- Watch body language: The South African slang for an upset animal is ‘agro’, which is short for aggravated. It is pretty easy to identify an agro elephant – the head will be turning back and forth, the ears will be out and maybe flapping and you may also hear bugling. If you spot these conditions, you may soon be in a problem situation.
- Consider what you are viewing: Are you viewing a lone animal or a herd? Lone animals tend to be more nervous. Also lone bull elephants are a higher risk than cows. Are there any males in ‘musth’ around? These are fairly easy to spot because of a heavy secretion from penis and temporal glands and a very musty smell. Generally these males will be on their own. If you see this situation, make sure you keep an extra safe distance. If watching a herd, does the matriarch look agro or relaxed? Also, does the herd have mid-sized juvenile males? These little guys can get a little frisky, so make sure you watch them closely.
If you are charged …
If, after all of the previous advice fails you, or you failed to pay attention to the advice, and you do find yourself being charged by an elephant, there are a few things you can do. Most important, and maybe most difficult to do, is to keep your cool. A few words here are inadequate – you need experience – but here is some information to help:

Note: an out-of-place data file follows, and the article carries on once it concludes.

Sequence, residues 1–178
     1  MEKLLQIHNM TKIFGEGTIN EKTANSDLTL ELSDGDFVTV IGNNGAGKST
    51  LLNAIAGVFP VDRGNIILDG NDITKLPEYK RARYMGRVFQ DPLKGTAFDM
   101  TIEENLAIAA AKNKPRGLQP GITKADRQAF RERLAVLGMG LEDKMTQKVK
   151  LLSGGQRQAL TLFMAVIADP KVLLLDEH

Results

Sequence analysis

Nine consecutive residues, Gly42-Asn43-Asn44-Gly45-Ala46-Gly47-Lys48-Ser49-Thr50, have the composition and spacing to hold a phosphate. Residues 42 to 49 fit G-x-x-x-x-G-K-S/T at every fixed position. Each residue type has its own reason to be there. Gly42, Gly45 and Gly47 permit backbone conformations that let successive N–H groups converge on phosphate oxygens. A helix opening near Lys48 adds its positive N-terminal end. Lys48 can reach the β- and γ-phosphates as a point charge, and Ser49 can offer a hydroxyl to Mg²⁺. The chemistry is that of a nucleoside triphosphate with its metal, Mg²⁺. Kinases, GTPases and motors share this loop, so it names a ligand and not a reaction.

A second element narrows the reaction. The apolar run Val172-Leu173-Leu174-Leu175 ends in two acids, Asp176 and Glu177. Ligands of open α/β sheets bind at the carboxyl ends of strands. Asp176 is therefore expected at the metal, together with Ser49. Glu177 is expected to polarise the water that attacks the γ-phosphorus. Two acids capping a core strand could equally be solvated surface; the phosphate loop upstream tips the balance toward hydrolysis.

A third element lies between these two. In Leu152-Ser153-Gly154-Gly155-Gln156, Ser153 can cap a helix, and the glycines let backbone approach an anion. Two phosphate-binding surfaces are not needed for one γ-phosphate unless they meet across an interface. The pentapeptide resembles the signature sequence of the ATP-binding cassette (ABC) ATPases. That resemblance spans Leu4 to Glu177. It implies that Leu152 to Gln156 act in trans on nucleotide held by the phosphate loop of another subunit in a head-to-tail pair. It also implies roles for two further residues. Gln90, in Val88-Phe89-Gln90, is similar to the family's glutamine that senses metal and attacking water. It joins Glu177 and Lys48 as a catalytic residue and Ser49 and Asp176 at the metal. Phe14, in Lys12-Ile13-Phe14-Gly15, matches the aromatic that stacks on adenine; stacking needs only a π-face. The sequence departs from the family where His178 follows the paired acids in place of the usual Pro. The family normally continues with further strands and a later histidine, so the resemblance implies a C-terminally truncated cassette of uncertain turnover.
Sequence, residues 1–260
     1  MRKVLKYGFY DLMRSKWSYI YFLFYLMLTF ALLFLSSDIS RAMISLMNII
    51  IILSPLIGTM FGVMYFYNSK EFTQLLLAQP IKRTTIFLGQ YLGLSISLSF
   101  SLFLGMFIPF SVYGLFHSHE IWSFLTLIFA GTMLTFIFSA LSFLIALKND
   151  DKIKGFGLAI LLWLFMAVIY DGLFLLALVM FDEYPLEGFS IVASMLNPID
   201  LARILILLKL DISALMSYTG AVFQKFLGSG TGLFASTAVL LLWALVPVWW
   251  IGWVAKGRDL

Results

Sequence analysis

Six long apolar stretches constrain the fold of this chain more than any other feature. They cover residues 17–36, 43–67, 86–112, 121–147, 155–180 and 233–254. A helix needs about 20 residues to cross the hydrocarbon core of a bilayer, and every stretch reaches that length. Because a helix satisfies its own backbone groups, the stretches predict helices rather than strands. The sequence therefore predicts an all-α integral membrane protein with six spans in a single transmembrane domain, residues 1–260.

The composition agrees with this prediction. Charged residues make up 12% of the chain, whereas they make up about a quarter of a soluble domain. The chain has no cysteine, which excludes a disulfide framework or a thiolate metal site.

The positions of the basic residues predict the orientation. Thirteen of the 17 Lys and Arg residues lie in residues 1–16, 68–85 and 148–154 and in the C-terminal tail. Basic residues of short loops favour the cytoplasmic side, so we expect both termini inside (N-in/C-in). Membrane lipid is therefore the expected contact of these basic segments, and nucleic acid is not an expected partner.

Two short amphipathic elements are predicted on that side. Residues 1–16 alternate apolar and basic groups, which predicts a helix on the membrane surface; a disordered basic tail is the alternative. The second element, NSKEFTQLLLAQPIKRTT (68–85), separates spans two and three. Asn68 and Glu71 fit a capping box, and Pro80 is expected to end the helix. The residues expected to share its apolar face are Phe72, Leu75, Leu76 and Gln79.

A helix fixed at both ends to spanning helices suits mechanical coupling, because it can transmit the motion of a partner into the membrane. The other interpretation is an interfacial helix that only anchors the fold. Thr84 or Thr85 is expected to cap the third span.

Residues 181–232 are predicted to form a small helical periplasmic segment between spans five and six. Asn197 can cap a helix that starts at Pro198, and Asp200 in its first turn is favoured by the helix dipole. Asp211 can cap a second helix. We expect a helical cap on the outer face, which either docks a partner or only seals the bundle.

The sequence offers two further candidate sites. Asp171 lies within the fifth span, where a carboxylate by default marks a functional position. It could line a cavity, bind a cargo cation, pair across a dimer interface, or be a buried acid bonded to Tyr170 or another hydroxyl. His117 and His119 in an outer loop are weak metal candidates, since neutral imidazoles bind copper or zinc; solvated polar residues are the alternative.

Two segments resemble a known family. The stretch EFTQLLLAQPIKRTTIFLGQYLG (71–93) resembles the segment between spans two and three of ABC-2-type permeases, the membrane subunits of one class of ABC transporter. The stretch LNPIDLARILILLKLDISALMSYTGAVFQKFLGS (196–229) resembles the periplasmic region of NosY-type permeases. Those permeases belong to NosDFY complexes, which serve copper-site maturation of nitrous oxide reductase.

- If your vehicle is stationary and switched off, and you become unexpectedly surrounded by peaceful elephants, don’t panic. Don’t even start the engine, as that would startle them. Just sit there and enjoy it; there’s no real cause for concern. Only when they’ve passed and are a distance away should you start up. When you do start – never start and move off simultaneously, which will be interpreted as the vehicle being very aggressive. Instead start up quietly, wait a little, and then move.
- More often a situation occurs when one from the herd will be upset with you. In that case you’ve approached too closely. Then an annoyed elephant will usually first mock charge. This usually first involves a lot of ear flapping, head shaking and loud trumpeting – mock charges are often preceded by ‘displacement activities’, and the animals often show uncertainty about charging. The individual then runs towards you with ears spread out, head held high, and trumpeting loudly. This is terrifying, especially if you’re not used to it. But be impressed, not surprised; elephants weigh up to 6,000kg and have had several million years to refine this into a really frightening spectacle.However terrifying, if you stand your ground then almost all such encounters will end with the elephant stopping in its tracks. It will then move away at an angle, with its head held high and turned, its back arched, its tail raised, and the occasional head-shake. Often you’ll find the ‘teenagers’ of the herd doing this – testing you and showing off a bit.